The Role of Suomi NPP VIIRS Data in Land Science and Applications.

Monday, 15 December 2014: 10:35 AM
Christopher Owen Justice1, Ivan Andras Csiszar2, Miguel O Roman3 and Eric Vermote3, (1)University of Maryland College Park, Geographical Sciences, College Park, MD, United States, (2)NOAA/NESDIS, Camp Springs, MD, United States, (3)NASA Goddard Space Flight Center, Greenbelt, MD, United States
The current Suomi-NPP mission was designed as a bridging mission to the Joint Polar Satellite System (JPSS) next-generation, operational satellites. The VIIRS instrument on-board Suomi-NPP provides continuity with NASA's Earth Observing System Moderate-resolution Imaging Spectroradiometer (MODIS) observations and a much-needed replacement of the long-serving, operational NOAA Advanced Very High Resolution Radiometer (AVHRR) system, to meet the expanding needs of Earth Science and Applications of Societal Benefit. Post-launch evaluation has proven the instrument to be excellent for land observations and capable of providing measurement continuity with MODIS. This provides a critical contribution to the scientific study of global change. Several regions of the World are undergoing rapid land transformations, driven by economic development and population growth. In addition, changes in climate conditions are resulting in ecosystem responses and changes in land cover and land use. Long-term, systematic observations of the global land surface at coarse resolution enable detection, monitoring and characterization of such changes to the land surface.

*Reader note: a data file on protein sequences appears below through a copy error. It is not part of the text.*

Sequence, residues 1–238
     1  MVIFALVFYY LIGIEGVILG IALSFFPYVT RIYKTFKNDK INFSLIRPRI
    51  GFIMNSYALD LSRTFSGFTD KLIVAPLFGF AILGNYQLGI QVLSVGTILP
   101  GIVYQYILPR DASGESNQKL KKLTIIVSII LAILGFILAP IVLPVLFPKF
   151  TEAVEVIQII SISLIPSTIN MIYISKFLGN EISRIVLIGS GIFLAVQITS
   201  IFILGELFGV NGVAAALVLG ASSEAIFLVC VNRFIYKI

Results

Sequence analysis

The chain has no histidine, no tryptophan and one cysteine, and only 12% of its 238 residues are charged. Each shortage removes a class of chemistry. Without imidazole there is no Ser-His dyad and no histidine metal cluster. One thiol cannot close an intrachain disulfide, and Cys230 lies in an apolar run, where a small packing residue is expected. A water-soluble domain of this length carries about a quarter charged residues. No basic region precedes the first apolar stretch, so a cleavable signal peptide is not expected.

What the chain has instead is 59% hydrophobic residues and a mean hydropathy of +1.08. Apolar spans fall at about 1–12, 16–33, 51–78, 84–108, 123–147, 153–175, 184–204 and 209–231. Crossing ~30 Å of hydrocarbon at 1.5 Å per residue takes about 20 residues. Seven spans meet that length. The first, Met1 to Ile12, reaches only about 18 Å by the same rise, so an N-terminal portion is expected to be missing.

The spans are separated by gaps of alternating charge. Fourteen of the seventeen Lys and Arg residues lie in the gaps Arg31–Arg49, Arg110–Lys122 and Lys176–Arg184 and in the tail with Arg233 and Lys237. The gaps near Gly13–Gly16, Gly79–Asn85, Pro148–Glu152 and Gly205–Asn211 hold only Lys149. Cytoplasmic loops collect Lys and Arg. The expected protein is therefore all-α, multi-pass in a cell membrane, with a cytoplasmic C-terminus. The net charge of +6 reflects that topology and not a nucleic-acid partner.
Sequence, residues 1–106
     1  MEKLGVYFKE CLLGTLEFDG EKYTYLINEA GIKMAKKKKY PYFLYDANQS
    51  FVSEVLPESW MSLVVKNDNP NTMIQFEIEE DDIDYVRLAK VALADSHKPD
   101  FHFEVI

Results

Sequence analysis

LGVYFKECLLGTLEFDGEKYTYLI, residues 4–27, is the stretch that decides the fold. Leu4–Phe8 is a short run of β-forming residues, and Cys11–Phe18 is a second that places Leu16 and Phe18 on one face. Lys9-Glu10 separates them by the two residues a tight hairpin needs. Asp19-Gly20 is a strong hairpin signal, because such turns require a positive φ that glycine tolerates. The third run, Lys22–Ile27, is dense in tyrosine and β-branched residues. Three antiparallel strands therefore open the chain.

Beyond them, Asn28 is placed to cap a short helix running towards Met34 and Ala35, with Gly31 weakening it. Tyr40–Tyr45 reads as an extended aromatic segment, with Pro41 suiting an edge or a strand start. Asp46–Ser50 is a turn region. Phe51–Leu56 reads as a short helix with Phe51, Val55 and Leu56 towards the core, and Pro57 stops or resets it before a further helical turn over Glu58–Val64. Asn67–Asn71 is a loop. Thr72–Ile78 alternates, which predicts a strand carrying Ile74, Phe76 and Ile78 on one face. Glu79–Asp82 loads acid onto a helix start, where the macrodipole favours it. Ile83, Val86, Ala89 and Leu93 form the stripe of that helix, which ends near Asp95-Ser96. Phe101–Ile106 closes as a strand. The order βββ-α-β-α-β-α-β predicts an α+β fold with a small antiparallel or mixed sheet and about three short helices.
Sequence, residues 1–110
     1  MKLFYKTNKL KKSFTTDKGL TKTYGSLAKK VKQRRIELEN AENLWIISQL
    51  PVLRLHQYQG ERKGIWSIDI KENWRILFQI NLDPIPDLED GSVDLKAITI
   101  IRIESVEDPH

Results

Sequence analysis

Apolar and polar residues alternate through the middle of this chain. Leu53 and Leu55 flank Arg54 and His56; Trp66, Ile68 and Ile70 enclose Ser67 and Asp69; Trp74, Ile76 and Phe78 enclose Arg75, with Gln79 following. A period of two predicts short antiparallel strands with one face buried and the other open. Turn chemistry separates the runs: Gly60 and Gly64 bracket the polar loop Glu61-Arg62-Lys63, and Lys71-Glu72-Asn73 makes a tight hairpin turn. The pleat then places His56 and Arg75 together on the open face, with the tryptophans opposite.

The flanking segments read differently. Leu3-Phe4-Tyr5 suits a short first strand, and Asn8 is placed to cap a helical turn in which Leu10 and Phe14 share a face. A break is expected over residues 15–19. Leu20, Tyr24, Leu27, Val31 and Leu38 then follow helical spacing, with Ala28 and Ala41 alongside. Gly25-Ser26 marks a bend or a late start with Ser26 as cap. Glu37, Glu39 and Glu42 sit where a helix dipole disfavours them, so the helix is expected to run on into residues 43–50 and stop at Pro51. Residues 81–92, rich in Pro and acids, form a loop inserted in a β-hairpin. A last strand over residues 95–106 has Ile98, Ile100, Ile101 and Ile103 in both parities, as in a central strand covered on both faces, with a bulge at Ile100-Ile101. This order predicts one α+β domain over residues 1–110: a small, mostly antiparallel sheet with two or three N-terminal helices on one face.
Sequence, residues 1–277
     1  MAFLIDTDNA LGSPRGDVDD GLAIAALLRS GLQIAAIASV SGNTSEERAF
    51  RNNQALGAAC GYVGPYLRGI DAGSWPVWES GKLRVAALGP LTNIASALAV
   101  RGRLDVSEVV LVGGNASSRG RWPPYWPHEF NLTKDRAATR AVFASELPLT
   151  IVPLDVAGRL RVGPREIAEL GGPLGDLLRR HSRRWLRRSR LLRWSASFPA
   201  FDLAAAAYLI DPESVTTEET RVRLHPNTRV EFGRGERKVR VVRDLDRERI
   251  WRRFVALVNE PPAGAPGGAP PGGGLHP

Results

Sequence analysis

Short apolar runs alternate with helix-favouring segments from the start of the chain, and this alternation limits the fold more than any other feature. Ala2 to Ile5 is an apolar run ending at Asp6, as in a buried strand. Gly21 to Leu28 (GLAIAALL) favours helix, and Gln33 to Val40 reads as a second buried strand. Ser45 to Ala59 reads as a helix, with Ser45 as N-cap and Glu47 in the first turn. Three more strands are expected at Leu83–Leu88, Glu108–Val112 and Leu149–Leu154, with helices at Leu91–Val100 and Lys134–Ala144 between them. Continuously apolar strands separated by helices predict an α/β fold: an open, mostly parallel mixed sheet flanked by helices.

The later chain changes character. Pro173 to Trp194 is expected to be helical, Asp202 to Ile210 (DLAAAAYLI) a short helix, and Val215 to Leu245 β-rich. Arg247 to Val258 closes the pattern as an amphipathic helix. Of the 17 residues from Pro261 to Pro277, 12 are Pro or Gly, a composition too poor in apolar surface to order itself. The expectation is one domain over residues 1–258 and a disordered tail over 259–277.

A suite of Land environmental data records (EDRs) from the VIIRS, are being developed by NOAA to meet operational data needs, primarily for the National Weather Service (e.g., Albedo, Land Surface Temperature, Fractional Vegetation Cover, Surface Type, Snow and Ice Monitoring). Scientists funded by NOAA and NASA, have been evaluating and validating these products. Based on these evaluations, NASA is embarking on a program to develop enhanced and additional products to provide continuity with MODIS to meet the needs of the global change science community.

In addition, and as with MODIS, data from the VIIRS can be used as input to a number of practical applications of societal benefit and the associated decision support systems. For example, progress with VIIRS data is being made in the areas of fire and agricultural monitoring. These applications are being developed to meet national needs and international needs in the framework of the GOFC-GOLD and GEOGLAM Programs.